We embed education research into product development and design to ensure that our products and services deliver their intended outcomes.
That research comes in four primary areas: applied learning science; knowledge and skills; formative assessment and feedback; and pedagogical models. Together, these areas provide us with evidence about the many factors that impact teaching and learning; evidence that we leverage as we determine how a product should be developed given its intended outcome. Below, we describe how different education research activities support product design and development. Our efforts are systematic, ongoing and designed to provide a solid foundation on which to build products that improve learner outcomes.
Applied Learning Science
Learning science refers to the systematic and rigorous research that examines how students learn and how the environment in which the learning is happening (e.g., social interactions, technology, etc.) can impact those processes.
We leverage what research has discovered about memory, attention, motivation, and other concepts that contribute to our understanding of how students learn to maximize positive student outcomes. ur researchers collaborate with learning designers and product teams to ensure that learning science is applied to product design and development to make it more likely that products deliver positive learner outcomes.
Knowledge and Skills
There is a great deal of research in education that illustrates the types of knowledge that
learners should acquire about a given subject/skill at a given stage in their learning
At Pearson our goal is to leverage that research - across grade levels and ages - to define
and map the target knowledge and skills that a learner needs to gain at a given point in
their interaction with a product.
Therefore, our researchers work alongside learning designers and product teams to ensure that research on knowledge and skills are embedded in products so that they deliver the right set of
content or skills at the right time in a learner’s development, for example, and that the product has a mechanism for assessing whether a learner has, indeed, mastered a given set of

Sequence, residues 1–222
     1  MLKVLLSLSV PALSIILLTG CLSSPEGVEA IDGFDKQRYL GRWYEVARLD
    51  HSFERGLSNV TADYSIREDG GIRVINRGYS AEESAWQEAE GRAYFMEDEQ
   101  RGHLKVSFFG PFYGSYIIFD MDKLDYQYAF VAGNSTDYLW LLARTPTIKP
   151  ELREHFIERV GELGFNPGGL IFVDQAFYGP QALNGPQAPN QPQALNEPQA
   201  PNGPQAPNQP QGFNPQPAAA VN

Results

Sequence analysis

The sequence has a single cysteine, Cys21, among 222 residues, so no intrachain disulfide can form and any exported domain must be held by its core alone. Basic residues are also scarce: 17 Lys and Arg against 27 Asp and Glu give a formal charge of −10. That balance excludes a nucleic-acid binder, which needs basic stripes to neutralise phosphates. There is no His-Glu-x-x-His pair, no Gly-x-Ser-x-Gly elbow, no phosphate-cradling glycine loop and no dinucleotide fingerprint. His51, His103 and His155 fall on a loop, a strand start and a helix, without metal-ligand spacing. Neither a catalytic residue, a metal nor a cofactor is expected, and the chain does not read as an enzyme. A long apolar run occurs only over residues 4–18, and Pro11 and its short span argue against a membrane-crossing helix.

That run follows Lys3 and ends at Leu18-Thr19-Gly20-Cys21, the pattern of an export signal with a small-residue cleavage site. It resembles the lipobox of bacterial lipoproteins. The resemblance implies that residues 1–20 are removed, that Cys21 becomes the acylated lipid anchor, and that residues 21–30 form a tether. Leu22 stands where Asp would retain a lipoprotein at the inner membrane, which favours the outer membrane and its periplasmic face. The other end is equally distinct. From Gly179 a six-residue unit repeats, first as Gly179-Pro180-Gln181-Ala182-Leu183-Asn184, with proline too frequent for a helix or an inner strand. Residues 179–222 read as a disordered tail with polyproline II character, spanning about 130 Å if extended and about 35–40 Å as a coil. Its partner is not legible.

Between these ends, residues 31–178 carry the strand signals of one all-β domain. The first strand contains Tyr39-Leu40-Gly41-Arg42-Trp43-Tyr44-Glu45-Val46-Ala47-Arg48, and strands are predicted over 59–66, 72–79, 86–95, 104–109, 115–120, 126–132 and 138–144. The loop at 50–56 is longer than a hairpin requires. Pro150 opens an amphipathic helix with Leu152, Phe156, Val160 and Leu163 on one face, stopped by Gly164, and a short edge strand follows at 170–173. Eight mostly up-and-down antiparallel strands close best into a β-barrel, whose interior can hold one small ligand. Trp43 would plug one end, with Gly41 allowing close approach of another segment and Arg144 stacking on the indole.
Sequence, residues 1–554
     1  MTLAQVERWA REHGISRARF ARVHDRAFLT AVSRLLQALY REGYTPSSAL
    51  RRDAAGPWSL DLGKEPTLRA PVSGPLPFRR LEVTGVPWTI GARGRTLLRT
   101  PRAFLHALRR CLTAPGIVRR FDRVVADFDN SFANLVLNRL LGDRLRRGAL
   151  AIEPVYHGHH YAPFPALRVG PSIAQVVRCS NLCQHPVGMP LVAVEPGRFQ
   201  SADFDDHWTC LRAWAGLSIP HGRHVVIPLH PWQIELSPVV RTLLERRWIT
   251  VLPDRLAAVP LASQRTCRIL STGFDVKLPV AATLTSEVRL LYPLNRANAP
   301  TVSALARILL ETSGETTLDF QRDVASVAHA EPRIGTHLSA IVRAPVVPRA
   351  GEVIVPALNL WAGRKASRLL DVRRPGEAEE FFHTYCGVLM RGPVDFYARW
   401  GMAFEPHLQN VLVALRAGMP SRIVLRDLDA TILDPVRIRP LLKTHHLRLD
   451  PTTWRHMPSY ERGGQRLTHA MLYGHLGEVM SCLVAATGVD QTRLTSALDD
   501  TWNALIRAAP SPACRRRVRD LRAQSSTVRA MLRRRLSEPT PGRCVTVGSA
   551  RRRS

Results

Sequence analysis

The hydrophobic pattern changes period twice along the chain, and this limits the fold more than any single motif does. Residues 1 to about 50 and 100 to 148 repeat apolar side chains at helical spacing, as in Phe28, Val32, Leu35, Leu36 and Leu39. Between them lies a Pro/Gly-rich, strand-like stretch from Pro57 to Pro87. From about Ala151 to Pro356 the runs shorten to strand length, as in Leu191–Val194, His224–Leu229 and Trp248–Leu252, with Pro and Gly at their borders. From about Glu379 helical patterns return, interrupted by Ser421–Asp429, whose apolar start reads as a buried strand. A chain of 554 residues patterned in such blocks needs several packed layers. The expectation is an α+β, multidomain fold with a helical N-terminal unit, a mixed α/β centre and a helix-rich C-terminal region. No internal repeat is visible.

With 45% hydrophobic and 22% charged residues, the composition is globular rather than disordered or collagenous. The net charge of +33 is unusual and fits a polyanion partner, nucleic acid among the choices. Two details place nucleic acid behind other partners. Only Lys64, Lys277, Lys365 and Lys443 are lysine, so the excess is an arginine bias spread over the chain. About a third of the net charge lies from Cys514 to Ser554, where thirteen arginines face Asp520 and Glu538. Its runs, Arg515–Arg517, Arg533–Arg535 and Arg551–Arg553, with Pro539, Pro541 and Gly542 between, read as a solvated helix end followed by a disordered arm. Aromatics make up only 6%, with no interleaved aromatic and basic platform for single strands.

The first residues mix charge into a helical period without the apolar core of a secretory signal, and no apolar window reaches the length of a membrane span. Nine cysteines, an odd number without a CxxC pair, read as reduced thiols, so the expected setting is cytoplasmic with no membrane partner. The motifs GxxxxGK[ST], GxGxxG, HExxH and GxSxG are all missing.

knowledge or skills in order to continue to progress in their learning.
Formative Assessment & Feedback
Once knowledge and skills are defined, we need to help students and instructors understand where students are in their progress toward achieving the goals, and ensure appropriate feedback is delivered at the appropriate time.
The digital world opens up new opportunities for formative assessment and feedback.
Assessment models can be built from the activity stream data resulting from students’ interactions with rich digital environments. We can develop processes through which activities can be designed as both learning and assessment tools. When we have worked with product teams to design and develop ways to determine what students know and can do, we next apply research to ensure the appropriate kind of feedback is administered - in the right context - and at the right time.
Our products are informed by best practice in terms of pedagogy in face to face, blended and fully online contexts. Research in this areas seeks to define patterns in the ways students and instructors interact with each other and with technology so we can design products that will fit into the ways teachers teach and classes function. By examining the existing research literature, observing live classrooms, interviewing teachers and students, and bringing in data that show patterns of technology usage, we can identify the ways our products can be implemented to increase the likelihood of positive learner outcomes.
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